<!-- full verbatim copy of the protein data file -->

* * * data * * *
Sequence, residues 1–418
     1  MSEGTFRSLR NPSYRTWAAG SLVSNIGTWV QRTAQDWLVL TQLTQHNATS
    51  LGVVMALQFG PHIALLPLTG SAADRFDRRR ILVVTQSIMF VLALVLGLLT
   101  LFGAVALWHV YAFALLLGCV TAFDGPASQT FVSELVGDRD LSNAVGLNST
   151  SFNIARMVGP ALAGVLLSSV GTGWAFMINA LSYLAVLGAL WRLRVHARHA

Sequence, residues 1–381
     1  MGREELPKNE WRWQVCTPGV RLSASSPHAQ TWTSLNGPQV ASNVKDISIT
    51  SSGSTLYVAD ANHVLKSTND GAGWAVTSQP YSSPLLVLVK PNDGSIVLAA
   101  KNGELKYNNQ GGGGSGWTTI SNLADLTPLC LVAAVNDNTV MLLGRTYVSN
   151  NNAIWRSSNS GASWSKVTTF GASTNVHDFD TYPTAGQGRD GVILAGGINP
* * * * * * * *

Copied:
Sequence, residues 1–418
     1  MSEGTFRSLR NPSYRTWAAG SLVSNIGTWV QRTAQDWLVL TQLTQHNATS
    51  LGVVMALQFG PHIALLPLTG SAADRFDRRR ILVVTQSIMF VLALVLGLLT
   101  LFGAVALWHV YAFALLLGCV TAFDGPASQT FVSELVGDRD LSNAVGLNST
   151  SFNIARMVGP ALAGVLLSSV GTGWAFMINA LSYLAVLGAL WRLRVHARHA

Sequence, residues 1–381
     1  MGREELPKNE WRWQVCTPGV RLSASSPHAQ TWTSLNGPQV ASNVKDISIT
    51  SSGSTLYVAD ANHVLKSTND GAGWAVTSQP YSSPLLVLVK PNDGSIVLAA
   101  KNGELKYNNQ GGGGSGWTTI SNLADLTPLC LVAAVNDNTV MLLGRTYVSN
   151  NNAIWRSSNS GASWSKVTTF GASTNVHDFD TYPTAGQGRD GVILAGGINP